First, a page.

“From there, we moved to the use of card readers.

Smoothening the process

Most of the issues encountered with the card readers had to do with the National Assembly and the budget for INEC as well as the late release of funds after election dates had been set, among other disruptions. So, INEC had no time to conduct a mock election using the card readers”

Grey areas

However, Mr Chris Uwaje, cautioned that adopting e-voting by the national assembly is one thing but achieving full potentials of the system is another.

He highlighted critical areas that government must quickly take care of before celebrating e-voting.

” For the national assembly to finally heed the call we have severally made on e-voting is a big achievement but getting the full benefits of the system is another.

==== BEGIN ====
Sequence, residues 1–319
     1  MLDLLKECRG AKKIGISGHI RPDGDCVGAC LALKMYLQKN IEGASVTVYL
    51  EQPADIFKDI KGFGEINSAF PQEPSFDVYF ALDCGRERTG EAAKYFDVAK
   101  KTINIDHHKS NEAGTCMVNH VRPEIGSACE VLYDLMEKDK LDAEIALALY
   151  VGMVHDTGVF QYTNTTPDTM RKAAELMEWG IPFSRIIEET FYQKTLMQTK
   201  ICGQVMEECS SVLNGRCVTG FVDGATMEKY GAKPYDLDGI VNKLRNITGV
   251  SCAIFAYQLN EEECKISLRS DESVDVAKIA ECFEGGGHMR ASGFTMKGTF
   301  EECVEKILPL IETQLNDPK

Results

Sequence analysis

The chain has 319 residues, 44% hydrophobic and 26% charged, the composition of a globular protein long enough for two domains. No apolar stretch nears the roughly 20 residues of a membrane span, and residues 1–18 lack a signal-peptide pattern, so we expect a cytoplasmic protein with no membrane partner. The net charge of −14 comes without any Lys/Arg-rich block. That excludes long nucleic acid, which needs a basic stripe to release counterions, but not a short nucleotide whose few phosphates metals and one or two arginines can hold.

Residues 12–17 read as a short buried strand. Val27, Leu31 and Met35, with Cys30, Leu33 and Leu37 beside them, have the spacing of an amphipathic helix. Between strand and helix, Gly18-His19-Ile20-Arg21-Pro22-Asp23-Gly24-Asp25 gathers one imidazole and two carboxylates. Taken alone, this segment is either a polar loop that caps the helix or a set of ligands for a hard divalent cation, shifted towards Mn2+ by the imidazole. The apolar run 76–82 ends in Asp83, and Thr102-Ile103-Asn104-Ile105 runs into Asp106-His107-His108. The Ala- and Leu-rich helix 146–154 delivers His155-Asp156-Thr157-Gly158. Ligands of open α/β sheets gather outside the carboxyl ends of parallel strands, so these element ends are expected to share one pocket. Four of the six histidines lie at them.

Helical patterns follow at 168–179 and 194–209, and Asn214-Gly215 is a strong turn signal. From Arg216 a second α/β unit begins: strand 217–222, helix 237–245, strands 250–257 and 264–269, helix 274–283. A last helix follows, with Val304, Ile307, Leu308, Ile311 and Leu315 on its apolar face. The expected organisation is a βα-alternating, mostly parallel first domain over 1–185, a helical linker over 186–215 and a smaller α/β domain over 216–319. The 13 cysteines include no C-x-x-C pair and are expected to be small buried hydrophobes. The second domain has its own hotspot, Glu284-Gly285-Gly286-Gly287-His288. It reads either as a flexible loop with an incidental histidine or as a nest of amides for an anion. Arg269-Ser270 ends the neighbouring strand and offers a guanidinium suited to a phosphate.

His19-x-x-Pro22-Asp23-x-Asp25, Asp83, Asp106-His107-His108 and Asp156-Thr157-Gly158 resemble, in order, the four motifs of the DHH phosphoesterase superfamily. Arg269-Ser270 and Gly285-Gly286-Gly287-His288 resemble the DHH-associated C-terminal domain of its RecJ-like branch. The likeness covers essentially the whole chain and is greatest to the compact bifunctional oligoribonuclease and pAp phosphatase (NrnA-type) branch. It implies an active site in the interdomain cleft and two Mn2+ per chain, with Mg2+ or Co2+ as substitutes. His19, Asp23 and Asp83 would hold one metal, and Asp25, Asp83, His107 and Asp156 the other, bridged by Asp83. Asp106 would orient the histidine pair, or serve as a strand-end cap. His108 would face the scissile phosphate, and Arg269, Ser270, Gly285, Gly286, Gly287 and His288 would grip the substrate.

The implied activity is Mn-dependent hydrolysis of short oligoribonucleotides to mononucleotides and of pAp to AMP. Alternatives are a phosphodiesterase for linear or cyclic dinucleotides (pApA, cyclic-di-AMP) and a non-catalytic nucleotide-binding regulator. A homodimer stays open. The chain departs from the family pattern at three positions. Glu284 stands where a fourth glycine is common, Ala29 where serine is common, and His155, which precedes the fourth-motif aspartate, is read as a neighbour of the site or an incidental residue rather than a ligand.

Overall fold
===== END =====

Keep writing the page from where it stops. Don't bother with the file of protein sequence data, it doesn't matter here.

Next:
” There are critical areas like broadband infrastructure, uninterrupted power supply, certified IT professional and software majors; network security experts that must be urgently be made to key into the system. The e-voting system is similar to the e-payment scheme and should follow similar pattern of implementation.

” For Nigerians to get full benefits, only tier 3 Data centres should be accredited and used while implementing it. there is need for a plot run in selected states, just like was done in the e-payment scheme; ethical hackers must be involved in cybersecurity defence and open source e-government application should be deployed.

” All these and more should be put in place now, for us to beat our chest and say we we are doing e-voting in Nigeria” he noted.